October 2, 2018: Pleasure and Wisdom
October 2, 2018
TODAY'S BIBLE READING:
<![CDATA[ Today’s Bible Reading: Jeremiah 3-4, Ecclesiastes 2:1-16, John 1:19-28, James 1:9-20 Ecclesiastes 2:1-16: We come now to the first of “experiments” conducted by the “teacher.” Remember that he is on a project of discovering whether it is really true that life “under the sun” is meaningless (and remember that the end of his project is in chapter 12 where he concludes that the only meaningful life is “above the sun,” or life lived in pursuing and following God). Now the first of these “experiments” is to test whether the meaning of life is found in “pleasure.” This experiment runs from verse 1 to verse 12. We should recall that many philosophers down through the years have advocated that the meaning of life is to get as much as pleasure as you can while you still can. “Gather ye rosebuds while ye may.” The Epicurean school of philosophy in the Greek world is usually thought to have advocated some sort of pleasure as the meaning of life—though their philosophy was subtler than its reputation. And of course, there are many less sophisticated advocates too: “I can’t get no satisfaction” is an appeal to try to attempt to get some satisfaction. “You can’t always get what you want, but you can sometimes get what you need” is another song that appeals to pleasure as the meaning of life. On and on it goes: “Eat, drink, and be merry for tomorrow you die.” Well, is the meaning of life found in pleasure? The “teacher” decides to try to find out. And what he discovers, as so many others down through history have also sadly discovered (sometimes too late), is that pleasure does not give you satisfaction. All it creates is more desire; it never satisfies. And it is all in the end completely meaningless. “I refused my heart not pleasure,” but still he found it to be just a “chasing after the wind.” This is a play on words with the original word for “meaningless,” which has the sense of “wind” or “breath” or “vapor.” Life (“under the sun,” remember) is a mere vapor—here one moment, gone the next. And pleasure does nothing to remove that fact, and to a certain extent even emphasizes it. But what then of more intellectual pursuits? So then the teacher turns where a lot of academics and intellectuals turn instead of the “earthly” pleasures: to the mind. The “teacher” begins to pursue wisdom. This “experiment” runs from verse 12 through to verse 16. And what he does is he compares wisdom with its opposite, namely, folly. He realizes that it is better to be wise than to be foolish. Certainly, wisdom is better than folly. But in the end, even that is no comfort. Why? “The same fate overtakes them both.” They both must die. So what difference does it make in the end if you are wise? None whatsoever. One by one, therefore, the “teacher” is stripping back from us our comforting illusions. We hide in binge-watching TV shows, or a glass of Chardonnay or three; we hide in sensual pleasures. But here comes the truth: there is no meaning in such things. And then when we go to the library or read the biographies and attempt to use our mind to be wise, we may think we are doing better—to a certain extent, no doubt we are. But does being wise stop you from dying? Not at all. Why then is it ultimately any better to be wise? It is not. There is—again here comes the conclusion—no meaning “under the sun”; that is, there is no meaning in a life that is lived purely for this life and without confidence in God and his eternity. What then do we learn? Over and over again, the same lesson is being taught: pursue God and his kingdom. And in particular this morning, we learn to remove our commitments to pleasure and wisdom from the realm of idolatry. Of course, it is good to enjoy legitimate pleasures. This is a gift from God. And of course, it is good to be wise. Far better to be wise than a fool. But we should not treat these things as ultimate or as “gods.” The great secret of life is to spend and be spent in the service of, and the enjoyment of, God himself.]]>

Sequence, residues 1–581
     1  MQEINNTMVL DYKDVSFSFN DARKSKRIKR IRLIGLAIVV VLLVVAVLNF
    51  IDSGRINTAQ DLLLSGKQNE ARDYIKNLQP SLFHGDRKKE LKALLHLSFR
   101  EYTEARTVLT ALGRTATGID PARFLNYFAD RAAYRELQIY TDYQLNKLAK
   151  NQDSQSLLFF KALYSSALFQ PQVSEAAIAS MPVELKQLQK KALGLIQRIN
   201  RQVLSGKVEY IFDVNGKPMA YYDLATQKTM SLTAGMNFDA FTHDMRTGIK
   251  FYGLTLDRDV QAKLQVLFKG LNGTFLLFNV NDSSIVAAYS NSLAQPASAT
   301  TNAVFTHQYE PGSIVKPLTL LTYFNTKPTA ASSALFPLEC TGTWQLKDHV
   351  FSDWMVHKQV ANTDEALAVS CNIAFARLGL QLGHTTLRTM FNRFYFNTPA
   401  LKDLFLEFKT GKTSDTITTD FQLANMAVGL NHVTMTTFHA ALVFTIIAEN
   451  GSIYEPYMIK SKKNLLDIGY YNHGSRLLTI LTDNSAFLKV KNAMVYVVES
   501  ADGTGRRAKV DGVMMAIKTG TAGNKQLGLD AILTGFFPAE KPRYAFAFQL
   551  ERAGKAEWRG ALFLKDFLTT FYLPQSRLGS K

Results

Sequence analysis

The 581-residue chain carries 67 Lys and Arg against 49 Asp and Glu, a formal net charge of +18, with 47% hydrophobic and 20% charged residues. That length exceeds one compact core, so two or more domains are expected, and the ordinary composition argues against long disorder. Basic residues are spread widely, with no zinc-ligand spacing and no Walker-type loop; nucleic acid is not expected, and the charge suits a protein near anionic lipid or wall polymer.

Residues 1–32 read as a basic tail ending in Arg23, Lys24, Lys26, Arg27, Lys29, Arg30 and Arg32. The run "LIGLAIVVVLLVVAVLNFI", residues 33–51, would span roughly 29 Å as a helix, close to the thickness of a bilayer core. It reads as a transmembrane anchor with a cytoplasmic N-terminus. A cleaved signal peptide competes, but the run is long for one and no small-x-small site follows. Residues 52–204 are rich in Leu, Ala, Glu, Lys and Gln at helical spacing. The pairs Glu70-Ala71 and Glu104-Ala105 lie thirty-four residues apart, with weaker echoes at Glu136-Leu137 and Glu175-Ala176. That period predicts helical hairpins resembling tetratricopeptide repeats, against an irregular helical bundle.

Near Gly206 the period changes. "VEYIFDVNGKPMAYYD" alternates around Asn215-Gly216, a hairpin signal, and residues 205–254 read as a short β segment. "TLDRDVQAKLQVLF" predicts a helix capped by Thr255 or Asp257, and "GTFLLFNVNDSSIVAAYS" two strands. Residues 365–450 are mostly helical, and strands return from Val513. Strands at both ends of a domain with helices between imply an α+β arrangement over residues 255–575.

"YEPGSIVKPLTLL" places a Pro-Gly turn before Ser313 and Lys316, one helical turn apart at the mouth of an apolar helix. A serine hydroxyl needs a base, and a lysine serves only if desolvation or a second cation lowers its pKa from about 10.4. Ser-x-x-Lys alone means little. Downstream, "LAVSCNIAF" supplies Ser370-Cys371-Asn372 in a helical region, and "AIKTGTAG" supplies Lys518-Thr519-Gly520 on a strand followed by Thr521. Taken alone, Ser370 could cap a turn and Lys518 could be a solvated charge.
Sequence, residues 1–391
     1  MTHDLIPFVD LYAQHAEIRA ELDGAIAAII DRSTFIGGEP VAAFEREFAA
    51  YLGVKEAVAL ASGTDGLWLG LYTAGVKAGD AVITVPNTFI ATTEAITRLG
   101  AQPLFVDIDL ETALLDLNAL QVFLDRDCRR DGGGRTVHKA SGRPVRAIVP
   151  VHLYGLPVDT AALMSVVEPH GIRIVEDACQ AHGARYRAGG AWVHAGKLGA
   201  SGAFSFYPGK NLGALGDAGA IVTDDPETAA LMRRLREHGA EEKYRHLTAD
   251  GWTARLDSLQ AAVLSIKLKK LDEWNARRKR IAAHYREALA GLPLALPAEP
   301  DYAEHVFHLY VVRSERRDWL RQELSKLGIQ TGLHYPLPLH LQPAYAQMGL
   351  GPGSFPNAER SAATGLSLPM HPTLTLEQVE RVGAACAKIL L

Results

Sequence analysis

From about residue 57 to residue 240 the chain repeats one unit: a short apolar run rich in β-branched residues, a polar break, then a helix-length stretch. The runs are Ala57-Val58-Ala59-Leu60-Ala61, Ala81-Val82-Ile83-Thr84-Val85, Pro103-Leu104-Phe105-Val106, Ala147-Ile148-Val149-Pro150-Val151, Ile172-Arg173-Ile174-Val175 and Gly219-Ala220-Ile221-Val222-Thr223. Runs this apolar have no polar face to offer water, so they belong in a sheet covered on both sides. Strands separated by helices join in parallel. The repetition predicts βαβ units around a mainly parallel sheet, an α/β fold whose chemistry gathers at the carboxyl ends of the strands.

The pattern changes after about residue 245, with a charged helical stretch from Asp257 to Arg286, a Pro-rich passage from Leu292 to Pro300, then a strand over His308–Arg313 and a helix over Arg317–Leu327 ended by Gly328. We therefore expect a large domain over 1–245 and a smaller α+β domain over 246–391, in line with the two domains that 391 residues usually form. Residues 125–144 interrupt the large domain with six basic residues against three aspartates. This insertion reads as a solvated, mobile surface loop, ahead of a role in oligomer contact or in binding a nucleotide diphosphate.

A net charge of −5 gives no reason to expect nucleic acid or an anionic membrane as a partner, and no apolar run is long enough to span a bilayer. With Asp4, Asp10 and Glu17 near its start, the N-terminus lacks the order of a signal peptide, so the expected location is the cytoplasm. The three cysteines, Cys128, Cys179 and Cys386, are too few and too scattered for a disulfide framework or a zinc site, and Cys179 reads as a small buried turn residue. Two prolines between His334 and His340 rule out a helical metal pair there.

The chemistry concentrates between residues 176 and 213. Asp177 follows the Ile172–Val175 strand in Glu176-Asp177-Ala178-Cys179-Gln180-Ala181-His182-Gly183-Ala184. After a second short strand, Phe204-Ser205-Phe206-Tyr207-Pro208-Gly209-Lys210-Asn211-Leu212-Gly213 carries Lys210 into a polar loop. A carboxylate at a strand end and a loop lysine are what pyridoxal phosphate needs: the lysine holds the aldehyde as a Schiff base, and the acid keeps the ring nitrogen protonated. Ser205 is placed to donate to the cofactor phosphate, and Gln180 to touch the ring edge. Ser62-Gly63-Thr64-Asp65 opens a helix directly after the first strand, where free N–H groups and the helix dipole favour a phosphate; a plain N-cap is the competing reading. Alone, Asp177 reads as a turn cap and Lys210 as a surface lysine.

ABOUT THE AUTHOR
Josh Moody (Ph.D., University of Cambridge) is the senior pastor of College Church in Wheaton, IL., president and founder of God Centered Life Ministries, and author of several books including How the Bible Can Change Your Life and John 1-12 For You.
To receive God Centered Life devotionals directly in your inbox, as well as other resources, enter your email address in the form at the bottom of this page and click "subscribe."